In today’s episode, we’re sipping back suds for sentimental reasons, digging in deep to find out why food fraud is such an issue, and focusing on the increased Russian regulations on food smuggling.
A Drink Down Memory Lane
With today’s increasing amount of health-conscious consumers, food companies are finding themselves having to jump hoops to keep their customers. For many manufacturers, this has meant cleaner ingredient labels.
But food giant General Mills is utilizing an entirely different approach as of late. There’s big business in nostalgia, as there seems to be no better way to reach consumers than by emotionally pulling on their heart strings. Re-discovering fond forgotten memories results in a powerful feeling, and General Mills is using this bond to build a sense of trust.
The food company just introduced two new product offerings — this time, in beer. The first of the company’s surprising news came earlier this week when General Mills announced its partnership with Minneapolis brewer Fulton Beer to launch a Wheaties-branded beer. And now, the food giant is teaming up with another craft brewer: Colorado’s Black Bottle Brewery. And for what better reason than to make a Count Chocula-flavored brew.
General Mills seems to know that when you mix Millennials, childhood memories, and craft beer it’s sure to be a big hit.
The Case of the Counterfeits
As if picking through ingredient labels isn’t tedious enough, consumers should be aware that nearly every ingredient on that list has the potential to be vulnerable to food fraud.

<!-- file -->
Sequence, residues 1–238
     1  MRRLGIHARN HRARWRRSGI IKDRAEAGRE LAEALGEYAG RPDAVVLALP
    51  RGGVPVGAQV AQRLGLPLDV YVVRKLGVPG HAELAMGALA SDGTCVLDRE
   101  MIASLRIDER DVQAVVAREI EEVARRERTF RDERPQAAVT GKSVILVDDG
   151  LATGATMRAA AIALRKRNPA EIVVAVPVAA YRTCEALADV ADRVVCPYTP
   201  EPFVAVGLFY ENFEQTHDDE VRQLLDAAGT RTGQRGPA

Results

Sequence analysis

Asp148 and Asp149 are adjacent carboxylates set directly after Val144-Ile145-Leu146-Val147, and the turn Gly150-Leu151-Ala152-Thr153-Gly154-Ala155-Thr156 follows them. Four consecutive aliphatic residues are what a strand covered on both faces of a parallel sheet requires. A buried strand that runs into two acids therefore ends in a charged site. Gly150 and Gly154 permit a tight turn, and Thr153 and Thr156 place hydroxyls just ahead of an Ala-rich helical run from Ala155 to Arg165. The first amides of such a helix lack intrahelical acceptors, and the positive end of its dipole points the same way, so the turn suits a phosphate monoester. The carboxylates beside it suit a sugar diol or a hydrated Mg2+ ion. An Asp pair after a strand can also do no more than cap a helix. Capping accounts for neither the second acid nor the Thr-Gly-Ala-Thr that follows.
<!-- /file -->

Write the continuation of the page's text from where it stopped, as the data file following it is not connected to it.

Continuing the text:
At the recent International Association for Food Protection’s annual meeting, professionals said they have seen a steep rise in the number of fraud cases involving deadly adulterants, as well as a large increase in fraudulent labeling and legal prosecution for food fraud.
But it’s not just in the U.S., as experts say food fraud is an epidemic in every single country where food is produced or grown. It affects everything from seafood to milk to spices and even food coloring. Just this June, more than 100,000 tons of smuggled, frozen, expired meat was seized in China from groups selling it for consumption. Another case out of China involved an undercover video showing fake rice being produced from plastic resin and sweet potatoes.
While this isn’t a new phenomenon, the rising number of high-profile food fraud cases in just the past year alone should make you weary of what foods you are purchasing.
Russia’s Focus on Food Smuggling
Earlier this month, the Russian government steamrolled tons of contraband Western cheese and fruit in a public display in support of its ban on food imports from the United States and the European Union.
Now, according to a report from The Associated Press, Russian customs officials want to make the smuggling of Western foods a criminal offense, with consequences as serious as those for dealing in the arms trade.
According to the AP report, Russia’s Federal Customs Service does not believe current penalties for food smuggling are harsh enough, and this week suggested in a draft bill that banned foreign foods be listed as “strategically important,” a designation that currently includes radioactive materials, poison, armaments and explosives.
If banned foreign foods are added to that classification, punishments for smuggling would include prison terms of up to seven years, according to the AP. A decision on the draft bill is expected in early September.